Food Science Salaries in the Spotlight Mary Ellen Kuhn | February 2016, Volume 70, No.2

Earnings have been slow to rebound postrecession, but demand is strong for professionals with solid skill sets. IFT’s exclusive new research delivers the latest information on wages, benefits, and how food scientists and technologists feel about their jobs.

Food scientist
The median salary of $90,000 for food science professionals was flat in 2015—exactly the same median IFT’s biennial salary survey showed for members in the United States* two years ago. But that doesn’t mean that the outlook for food scientists isn’t positive. For the 72% of 2015 survey respondents who reported receiving a pay raise within the past 12 months, the median increase was 3.4%. And those working in the science of food enjoy their jobs: 84% of respondents in the 2015 IFT Employment and Salary Survey said they would definitely or probably choose the profession again.

Table 1. Key Salary Survey Statistics—2013 and 2015 *Data for food/beverage processors and ingredient manufacturers/suppliers combined
Table 1. Key Salary Survey Statistics—2013 and 2015 *Data for food/beverage processors and ingredient manufacturers/suppliers combined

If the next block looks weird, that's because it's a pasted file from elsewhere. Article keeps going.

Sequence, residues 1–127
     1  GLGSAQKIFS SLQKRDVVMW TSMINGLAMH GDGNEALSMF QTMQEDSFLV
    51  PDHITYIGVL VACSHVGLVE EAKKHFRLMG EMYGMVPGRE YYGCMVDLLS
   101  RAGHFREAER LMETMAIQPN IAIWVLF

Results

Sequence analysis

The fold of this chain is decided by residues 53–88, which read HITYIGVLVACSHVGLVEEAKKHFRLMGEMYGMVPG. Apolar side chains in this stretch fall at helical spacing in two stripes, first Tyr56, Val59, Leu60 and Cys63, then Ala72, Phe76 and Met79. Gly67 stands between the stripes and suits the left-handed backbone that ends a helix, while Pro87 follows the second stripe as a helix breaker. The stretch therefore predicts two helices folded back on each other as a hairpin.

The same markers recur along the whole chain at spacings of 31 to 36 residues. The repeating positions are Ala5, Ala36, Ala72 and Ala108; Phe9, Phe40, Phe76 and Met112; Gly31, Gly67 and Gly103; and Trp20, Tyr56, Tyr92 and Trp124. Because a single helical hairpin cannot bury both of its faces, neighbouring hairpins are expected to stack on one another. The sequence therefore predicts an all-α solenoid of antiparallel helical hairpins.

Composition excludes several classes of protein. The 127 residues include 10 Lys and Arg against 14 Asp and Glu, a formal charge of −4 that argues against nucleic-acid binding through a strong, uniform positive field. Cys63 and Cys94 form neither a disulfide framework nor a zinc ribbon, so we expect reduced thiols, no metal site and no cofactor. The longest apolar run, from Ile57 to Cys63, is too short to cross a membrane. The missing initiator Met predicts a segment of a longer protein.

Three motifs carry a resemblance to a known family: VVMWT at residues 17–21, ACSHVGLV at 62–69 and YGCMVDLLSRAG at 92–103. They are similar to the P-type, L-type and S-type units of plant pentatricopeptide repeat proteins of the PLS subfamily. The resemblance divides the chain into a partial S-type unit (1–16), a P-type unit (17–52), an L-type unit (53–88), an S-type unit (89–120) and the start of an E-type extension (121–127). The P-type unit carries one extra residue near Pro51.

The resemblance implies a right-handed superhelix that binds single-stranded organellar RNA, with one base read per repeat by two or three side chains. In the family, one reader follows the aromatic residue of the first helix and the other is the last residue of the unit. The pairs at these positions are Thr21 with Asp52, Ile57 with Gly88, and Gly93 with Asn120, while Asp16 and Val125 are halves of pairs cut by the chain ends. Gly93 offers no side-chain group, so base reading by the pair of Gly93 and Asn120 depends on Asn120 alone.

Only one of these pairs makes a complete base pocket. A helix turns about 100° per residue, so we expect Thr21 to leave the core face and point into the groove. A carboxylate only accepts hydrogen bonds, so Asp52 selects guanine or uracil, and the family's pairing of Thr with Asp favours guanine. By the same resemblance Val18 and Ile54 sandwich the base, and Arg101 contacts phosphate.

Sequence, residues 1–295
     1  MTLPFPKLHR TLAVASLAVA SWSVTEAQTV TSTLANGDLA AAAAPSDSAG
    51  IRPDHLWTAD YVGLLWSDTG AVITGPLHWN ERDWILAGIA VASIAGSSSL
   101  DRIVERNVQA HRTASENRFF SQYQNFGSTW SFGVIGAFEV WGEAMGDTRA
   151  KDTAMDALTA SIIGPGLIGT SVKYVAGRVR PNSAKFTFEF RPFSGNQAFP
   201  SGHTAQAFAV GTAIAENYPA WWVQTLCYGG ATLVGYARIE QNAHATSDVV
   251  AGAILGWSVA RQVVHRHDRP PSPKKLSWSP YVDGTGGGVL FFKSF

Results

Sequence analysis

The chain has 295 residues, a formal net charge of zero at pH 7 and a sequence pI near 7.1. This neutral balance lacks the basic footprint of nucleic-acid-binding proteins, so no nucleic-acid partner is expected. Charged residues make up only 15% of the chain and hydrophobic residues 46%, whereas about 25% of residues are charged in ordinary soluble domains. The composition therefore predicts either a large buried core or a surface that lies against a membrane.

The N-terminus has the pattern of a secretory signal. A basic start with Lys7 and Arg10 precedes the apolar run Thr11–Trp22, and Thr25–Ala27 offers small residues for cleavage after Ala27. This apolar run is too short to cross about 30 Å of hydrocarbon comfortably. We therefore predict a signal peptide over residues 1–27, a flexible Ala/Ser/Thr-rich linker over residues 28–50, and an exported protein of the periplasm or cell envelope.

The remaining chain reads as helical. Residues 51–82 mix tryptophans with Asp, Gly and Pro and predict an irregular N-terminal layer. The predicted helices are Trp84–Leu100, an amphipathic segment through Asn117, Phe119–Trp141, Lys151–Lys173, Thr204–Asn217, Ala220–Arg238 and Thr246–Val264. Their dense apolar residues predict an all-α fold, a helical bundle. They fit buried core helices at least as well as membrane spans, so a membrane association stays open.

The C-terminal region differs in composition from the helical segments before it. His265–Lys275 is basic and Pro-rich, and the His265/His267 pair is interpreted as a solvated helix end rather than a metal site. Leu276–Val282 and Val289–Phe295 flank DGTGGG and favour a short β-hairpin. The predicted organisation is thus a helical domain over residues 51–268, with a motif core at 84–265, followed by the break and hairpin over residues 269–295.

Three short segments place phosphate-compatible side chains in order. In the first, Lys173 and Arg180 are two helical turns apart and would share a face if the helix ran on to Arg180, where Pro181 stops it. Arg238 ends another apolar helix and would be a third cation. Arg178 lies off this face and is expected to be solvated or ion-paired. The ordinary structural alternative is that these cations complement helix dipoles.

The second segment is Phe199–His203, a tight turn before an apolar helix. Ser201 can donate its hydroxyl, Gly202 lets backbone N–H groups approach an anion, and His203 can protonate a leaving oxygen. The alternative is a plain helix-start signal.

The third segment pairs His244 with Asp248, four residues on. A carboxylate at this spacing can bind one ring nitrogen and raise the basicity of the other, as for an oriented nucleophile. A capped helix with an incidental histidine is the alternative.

Compensation expert Kerry Chou, senior practice leader in the Scottsdale, Ariz.–based office of WorldatWork, a nonprofit human resources association that surveys employers across a range of industries about planned and actual salary increases, says IFT’s survey findings align with what he sees in the market overall. “The compensation climate has been pretty tepid [since the recession of 2009],” says Chou. “We’ve really improved unemployment; it’s down to about 5%. Job openings are fairly high. So those are good news things. You would think that salaries would be increasing at a faster pace. [But] we’re not seeing that.”

Prerecession, annual salary increases averaged in the range of 3.5%–4%, but according to WorldatWork’s recent survey, the average pay raise in 2015 was 3%. “Companies continue to be cautious since the recession,” Chou observes. “Companies are keeping money under their mattresses so to speak.”

Like Chou, Laurie Hyllberg, vice-president with Kinsa Group, Franklin, Wis., a recruiting firm that specializes in the food and beverage industry, links the relatively flat compensation environment with a postrecession mindset among employers. “Salary figures were growing so rapidly in the late ’90s and early 2000s, that I think it caused a bit of a bust in 2009, and it’s been slower to recover in this last growth period than it has been in the past,” says Hyllberg. “I think that’s why the median hasn’t changed drastically.”

How Salaries Have Changed by Region
Chou also notes that IFT salary survey data showing a median raise of 3.4% in the past year isn’t inconsistent with data indicating that the overall median salary has not increased from two years ago. The pool of respondents varies each year as employees retire or change roles and new employees are hired. So comparing one survey with the next isn’t an apples-to-apples kind of process, he explains. (See Table 1 for a comparison of data highlights from the 2013 and 2015 surveys.)